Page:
Screen capture from the MACA CMIP5 Statistically Downscaled Climate Projections tool

MACA CMIP5 Statistically Downscaled Climate Projections

Access projection data produced through the Multivariate Adaptive Constructed Analogs (MACA) method. Variables available for the contiguous U.S. enable users to explore projections for hydrology, ecology, vegetation, fire, and wind.

Important Notice for Using Climate Projections

Climate projections can be useful for making decisions about the future, but the limitations of climate models make it easy to misinterpret or misuse their results. Be aware that:

  • Climate projections are not predictions. Projections are based on assumptions about future human emissions of greenhouse gases and other policy choices.
  • Climate projections do not attempt to predict the timing of meteorological events such as storms, droughts, or El NiƱos. The location and timing of future extreme weather events cannot be deduced from climate model projections.
  • Projections vary from model to model: the best projection dataset for one location and purpose may not be the best for other situations. Considering a range of projections may help you gain a more complete picture of potential future risks.
  • The increased spatial resolution of statistically downscaled projections available for temperature and precipitation may not be available for all parameters. In addition, increased resolution does not necessarily equate to greater fidelity or reliability.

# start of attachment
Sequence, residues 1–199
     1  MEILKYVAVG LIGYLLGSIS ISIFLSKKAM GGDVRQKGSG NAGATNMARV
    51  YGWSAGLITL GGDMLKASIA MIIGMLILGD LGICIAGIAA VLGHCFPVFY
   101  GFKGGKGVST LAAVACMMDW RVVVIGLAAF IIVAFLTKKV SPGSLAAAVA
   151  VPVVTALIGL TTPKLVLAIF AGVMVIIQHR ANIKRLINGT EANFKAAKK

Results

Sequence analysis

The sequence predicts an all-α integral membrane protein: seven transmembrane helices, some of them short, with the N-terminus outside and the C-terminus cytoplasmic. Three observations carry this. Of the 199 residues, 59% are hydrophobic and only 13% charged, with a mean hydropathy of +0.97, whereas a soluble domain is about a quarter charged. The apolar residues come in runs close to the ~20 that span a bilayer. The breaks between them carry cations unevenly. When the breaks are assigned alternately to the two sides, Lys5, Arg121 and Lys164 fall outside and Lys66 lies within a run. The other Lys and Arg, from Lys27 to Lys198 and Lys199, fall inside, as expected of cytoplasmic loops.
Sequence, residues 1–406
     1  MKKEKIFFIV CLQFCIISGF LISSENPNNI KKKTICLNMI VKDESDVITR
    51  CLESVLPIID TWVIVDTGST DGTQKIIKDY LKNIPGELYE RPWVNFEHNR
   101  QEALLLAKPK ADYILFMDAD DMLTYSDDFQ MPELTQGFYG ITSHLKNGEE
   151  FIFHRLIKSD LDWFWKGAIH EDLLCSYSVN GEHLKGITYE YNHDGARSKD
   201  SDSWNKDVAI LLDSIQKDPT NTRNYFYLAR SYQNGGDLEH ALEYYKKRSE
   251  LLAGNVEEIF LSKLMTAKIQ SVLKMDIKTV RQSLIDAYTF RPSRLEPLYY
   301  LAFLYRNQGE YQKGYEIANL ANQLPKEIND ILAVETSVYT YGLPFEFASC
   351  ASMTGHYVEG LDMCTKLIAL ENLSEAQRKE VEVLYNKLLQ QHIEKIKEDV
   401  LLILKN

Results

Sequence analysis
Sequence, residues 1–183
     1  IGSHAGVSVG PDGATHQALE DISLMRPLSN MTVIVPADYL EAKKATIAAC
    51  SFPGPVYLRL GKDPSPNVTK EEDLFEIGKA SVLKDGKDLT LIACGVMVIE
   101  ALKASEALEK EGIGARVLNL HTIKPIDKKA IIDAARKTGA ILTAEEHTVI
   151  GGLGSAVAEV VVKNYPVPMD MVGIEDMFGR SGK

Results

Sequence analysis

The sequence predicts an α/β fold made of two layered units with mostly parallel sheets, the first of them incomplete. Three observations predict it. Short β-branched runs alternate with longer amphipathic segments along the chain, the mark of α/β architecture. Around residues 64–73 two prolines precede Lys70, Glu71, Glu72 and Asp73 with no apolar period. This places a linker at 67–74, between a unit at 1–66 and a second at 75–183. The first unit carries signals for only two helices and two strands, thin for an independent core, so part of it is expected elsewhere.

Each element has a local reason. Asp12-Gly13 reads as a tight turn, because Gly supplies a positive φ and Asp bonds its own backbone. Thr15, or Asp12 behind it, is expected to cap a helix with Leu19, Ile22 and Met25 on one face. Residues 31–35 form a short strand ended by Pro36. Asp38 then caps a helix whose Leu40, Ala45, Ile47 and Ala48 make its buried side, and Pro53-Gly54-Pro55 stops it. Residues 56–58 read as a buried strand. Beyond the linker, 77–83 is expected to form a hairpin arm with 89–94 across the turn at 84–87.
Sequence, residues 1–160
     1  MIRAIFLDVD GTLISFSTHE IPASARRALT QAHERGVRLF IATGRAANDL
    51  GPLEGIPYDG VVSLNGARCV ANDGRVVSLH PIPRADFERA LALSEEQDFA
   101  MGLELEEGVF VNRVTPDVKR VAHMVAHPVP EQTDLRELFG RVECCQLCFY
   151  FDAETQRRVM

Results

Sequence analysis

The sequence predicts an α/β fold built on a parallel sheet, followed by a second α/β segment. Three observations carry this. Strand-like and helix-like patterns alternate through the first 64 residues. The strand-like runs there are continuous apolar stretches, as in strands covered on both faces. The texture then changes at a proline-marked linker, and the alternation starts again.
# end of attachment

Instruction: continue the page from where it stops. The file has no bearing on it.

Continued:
For decisions involving the use of climate model projections, you may want to consider seeking expertise.

The MACA archive contains output from 20 global climate models of the Coupled Model Inter-Comparison Project Phase 5 (CMIP5) for the contiguous United States. Downloaded tools provide users with access to projections for historical (observed) forcings  from 1950–2005, and for two future Representative Concentration Pathways (RCP 4.5 and RCP8.5) scenarios for 2006–2100.

CMIP5 output is downscaled from native resolutions to either 4-km or 6-km using the Multivariate Adaptive Constructed Analogs (MACA) method. MACA is a statistical downscaling method that utilizes a training dataset (i.e., meteorological observations) to remove historical biases and match spatial patterns in climate model output.

The MACA dataset offers data for the following variables:

  • tasmax—Maximum daily temperature near surface
  • tasmin—Minimum daily temperature near surface
  • rhsmax—Maximum daily relative humidity near surface
  • rhsmin—Minimum daily relative humidity near surface
  • huss—Average daily specific humidity near surface
  • pr—Average daily precipitation amount at surface
  • rsds—Average daily downward shortwave radiation at surface
  • was—Average daily wind speed near surface
  • uas—Average daily eastward component of wind near surface
  • vas—Average daily northward component of wind near surface

Users can download data directly from the archive using OPeNDAP, or use tools available on the site to download multiple files at once.

Last modified
10 May 2024 - 12:16pm